- HP-GL language emulation (7586B)
- Media save feature
- User-selectable drying times
- Pen-width front panel selections set to industry standards
- Default menu reset added to front panel
- Time out selection added to HPGL language selection
- "Out of Media" message at the end of a roll
- Merge control
- D- and E-size models offered (C2847A and C2848A, respectively)
- 600-dpi quality output via enhanced print mode
- 300-dpi quality draft output
- One pixel lines via software or the front panel
- Double the memory; 4 MB standard, up to 20 MB expandable
- Expanded print margins (5 mm sides, 10 mm leading and trailing edges
- Kanji Level II fonts m ROM SIMM for Japan
- Queuing and nesting
- Page size selections for scaled drawings
- Mitsubishi translucent media support for Japan
- Erasable solution for Japan only
- Media bypass for poorly cut sheet media
- Multilingual demo plot
- Supports Portuguese language in addition to English, French, Spanish, German, Italian, Japanese
Of course, plotting time is only one component of throughput. Transmission speed and rasterization speed must also be considered. Because HP DesignJet printers rasterize as they plot (also known as "on the fly") transmission time is a function of the type of data accepted. HP-GL/2 files are accepted at 10 KB/second, RTL files are accepted at 60 KB/second. Transmission speed is the main variable in determining total throughput. Plot times (in minutes) for all media and modes are as follows. These reflect actual plotting time only and do not include dry time. Where two times are shown, the first is for media that is rotated so the longer dimension is in the carriage travel direction.
Ink Drying Time -- HP DesignJet Printer (C1633A) and (C1633B) and HP DesignJet 600 PrinterIn roll-feed mode, the printer allows time after the plot is finished before activating the automatic cutter to insure that the plot will be completely dry before being released into the output bin. Ink drying time depends on the media used, the print mode, and on the front panel selection for dry times.
HP DesignJet Printer (C1633A), HP DesignJet 600 Printer
Recommended Plot Volumes -- HP DesignJet Printer (C1633A) and (C1633B) and HP DesignJet 600 PrinterTypical recommended volumes are up to 15 per day for the HP DraftMaster printers and up to 40 plots per day for the HP DesignJet printers.
Note that these are just general guidelines and will depend on the size and complexity of your plots. Also, these numbers apply to normal daily usage; most users have periodic peaks when they need to produce more plots than usual. In this case, the HP DesignJet printers can reliably produce a minimum of eight E-size final plots, or the equivalent, each hour. For those customers who normally do more than 40 plots per day, HP recommends purchasing a second HP DesignJet printer. HP also recommends that the customer purchase a service contract for heavily used machines after the warranty period has expired.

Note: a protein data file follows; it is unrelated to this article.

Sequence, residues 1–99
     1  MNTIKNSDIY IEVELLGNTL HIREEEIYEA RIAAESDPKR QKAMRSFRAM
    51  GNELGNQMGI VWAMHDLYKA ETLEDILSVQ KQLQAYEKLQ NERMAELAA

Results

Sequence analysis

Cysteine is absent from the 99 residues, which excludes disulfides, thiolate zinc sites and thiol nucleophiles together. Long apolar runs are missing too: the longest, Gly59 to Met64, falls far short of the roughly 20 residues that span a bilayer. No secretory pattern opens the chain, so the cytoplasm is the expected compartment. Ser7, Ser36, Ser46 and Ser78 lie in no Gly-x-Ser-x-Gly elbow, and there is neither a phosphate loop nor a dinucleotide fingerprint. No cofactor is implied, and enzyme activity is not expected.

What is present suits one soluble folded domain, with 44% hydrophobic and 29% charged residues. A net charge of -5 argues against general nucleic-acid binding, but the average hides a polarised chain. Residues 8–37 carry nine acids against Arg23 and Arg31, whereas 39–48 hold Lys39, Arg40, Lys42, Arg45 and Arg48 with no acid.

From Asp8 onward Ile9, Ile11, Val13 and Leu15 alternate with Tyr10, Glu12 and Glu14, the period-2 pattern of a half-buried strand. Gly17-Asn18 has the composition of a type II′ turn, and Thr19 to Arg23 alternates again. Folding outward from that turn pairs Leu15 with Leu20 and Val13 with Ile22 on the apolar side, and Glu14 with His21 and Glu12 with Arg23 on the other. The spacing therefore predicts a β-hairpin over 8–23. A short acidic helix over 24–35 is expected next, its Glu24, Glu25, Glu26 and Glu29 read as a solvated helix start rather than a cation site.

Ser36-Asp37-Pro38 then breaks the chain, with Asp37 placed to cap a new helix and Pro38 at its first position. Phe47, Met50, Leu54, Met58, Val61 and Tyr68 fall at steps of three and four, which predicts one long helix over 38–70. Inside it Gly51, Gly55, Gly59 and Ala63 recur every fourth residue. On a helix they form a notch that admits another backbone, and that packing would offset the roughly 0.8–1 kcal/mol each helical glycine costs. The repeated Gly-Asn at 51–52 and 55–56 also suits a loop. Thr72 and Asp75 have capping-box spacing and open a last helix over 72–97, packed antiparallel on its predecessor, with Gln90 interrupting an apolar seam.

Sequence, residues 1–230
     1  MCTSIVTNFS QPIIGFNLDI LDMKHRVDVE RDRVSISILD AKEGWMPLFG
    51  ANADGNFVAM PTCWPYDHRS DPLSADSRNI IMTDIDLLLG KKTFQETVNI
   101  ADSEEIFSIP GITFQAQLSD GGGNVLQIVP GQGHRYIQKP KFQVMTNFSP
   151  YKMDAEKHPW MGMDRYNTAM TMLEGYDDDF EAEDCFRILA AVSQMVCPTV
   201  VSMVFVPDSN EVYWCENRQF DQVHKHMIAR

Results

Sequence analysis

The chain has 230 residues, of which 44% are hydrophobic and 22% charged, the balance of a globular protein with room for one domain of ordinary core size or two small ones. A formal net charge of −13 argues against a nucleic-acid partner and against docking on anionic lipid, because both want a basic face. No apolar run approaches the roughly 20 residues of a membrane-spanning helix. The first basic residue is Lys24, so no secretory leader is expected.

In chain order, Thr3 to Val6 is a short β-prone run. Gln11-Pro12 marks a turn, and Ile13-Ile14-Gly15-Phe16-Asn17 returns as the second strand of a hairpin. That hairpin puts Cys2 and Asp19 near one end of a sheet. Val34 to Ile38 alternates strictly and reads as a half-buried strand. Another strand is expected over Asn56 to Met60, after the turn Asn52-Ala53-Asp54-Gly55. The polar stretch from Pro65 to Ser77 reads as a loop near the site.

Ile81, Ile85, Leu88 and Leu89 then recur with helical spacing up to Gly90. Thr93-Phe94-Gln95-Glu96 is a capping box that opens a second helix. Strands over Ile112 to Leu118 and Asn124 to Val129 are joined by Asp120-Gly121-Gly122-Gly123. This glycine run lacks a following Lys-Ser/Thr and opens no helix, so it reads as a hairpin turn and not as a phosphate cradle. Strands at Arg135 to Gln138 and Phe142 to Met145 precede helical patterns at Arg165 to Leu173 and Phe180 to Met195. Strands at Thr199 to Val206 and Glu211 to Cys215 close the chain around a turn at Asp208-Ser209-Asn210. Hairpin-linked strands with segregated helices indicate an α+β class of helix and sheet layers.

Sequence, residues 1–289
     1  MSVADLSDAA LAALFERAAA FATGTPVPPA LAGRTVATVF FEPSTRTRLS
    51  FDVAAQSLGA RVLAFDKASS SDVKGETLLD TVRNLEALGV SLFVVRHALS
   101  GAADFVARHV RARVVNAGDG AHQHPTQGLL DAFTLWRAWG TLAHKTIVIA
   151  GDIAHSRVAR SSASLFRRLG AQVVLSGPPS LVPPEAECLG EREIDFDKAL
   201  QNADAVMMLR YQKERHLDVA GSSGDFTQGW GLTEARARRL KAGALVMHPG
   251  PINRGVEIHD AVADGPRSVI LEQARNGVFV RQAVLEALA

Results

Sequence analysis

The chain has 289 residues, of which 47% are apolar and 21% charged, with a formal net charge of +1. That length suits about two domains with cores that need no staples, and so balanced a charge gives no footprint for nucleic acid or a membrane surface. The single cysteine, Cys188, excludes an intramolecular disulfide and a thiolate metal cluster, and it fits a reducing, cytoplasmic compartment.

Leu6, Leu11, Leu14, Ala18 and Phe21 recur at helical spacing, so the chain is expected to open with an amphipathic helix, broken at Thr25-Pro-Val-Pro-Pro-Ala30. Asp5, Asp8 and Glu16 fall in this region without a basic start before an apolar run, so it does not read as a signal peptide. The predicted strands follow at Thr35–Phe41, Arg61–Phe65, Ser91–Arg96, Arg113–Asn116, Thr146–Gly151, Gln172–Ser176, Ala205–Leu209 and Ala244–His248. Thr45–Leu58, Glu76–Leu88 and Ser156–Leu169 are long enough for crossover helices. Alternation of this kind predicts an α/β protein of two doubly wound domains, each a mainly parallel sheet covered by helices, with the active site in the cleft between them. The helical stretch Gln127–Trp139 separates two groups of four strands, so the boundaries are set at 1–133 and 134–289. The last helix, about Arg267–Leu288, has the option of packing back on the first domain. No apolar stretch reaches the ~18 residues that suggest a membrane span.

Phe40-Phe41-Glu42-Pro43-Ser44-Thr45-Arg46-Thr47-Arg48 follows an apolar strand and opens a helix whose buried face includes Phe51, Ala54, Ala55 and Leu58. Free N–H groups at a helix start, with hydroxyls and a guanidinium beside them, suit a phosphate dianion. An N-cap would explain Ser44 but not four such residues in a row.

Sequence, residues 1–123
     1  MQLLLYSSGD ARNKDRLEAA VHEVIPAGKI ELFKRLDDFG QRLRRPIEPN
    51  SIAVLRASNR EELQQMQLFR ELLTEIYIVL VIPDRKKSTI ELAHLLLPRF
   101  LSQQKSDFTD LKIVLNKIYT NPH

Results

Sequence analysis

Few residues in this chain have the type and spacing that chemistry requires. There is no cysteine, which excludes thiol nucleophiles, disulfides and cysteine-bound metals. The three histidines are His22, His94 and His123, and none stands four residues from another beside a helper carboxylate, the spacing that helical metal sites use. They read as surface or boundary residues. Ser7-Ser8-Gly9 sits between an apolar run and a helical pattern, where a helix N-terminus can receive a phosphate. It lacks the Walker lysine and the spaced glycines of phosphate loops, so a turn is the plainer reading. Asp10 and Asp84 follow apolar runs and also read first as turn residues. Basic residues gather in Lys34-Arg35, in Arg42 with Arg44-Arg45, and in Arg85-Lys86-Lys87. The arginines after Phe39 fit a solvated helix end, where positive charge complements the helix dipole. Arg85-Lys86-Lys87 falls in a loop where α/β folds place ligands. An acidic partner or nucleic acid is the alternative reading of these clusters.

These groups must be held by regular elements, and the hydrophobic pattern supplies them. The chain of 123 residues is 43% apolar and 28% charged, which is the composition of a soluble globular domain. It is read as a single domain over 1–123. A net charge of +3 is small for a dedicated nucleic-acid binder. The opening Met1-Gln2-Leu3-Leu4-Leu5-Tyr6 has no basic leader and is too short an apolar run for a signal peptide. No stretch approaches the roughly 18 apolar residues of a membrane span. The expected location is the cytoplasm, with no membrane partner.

Logic Seeking -- HP DesignJet Printer (C1633A) and (C1633B) and HP DesignJet 600 PrinterLogic seeking speeds up throughput by only moving the pens and carriage over the areas where the image will plot. Thus, the carriage and pens do not need to make the entire trip across the media width. This is especially effective for plots without borders.
Vector Parsing and Rasterization Speed -- HP DesignJet Printer (C1633A) and (C1633B) and HP DesignJet 600 PrinterThe vector parsing rate of the formatter in HP DesignJet printers is 3000 vectors/second
The rasterizer in HP DesignJet printers rasterizes about 8,000 vectors/second.
Note that rasterization is faster than the carriage speed and will virtually never cause overall plotting time to increase because rasterization and plotting occur simultaneously.
Choice of 80960 Processor -- HP DesignJet Printer (C1633A) and (C1633B) and HP DesignJet 600 PrinterHP chose the Intel 80960 processor because the speed of this processor allowed us to perform a very fast vector-to-raster conversion without the need for special-purpose graphics ICs. Also, the 80960 is a family of processors, which gives us the flexibility to continue using the architecture for future generations of printers if appropriate.
An example of this is our ability to process 600 x 600 dpi information in virtually the same time as 300 dpi information (600 only).
Delay in Starting to Plot -- HP DesignJet Printer (C1633A) and (C1633B) and HP DesignJet 600 PrinterUnlike HP pen printers, HP DesignJet printers store all received plot file information before plotting. This is typical of "raster" printers, which take in vectors, or lines, and then convert the vectors to raster data or dots. When receiving vector data, all the data must be received before the plot is begun. Even with this data storage, HP DesignJet printers are significantly faster than pen printers.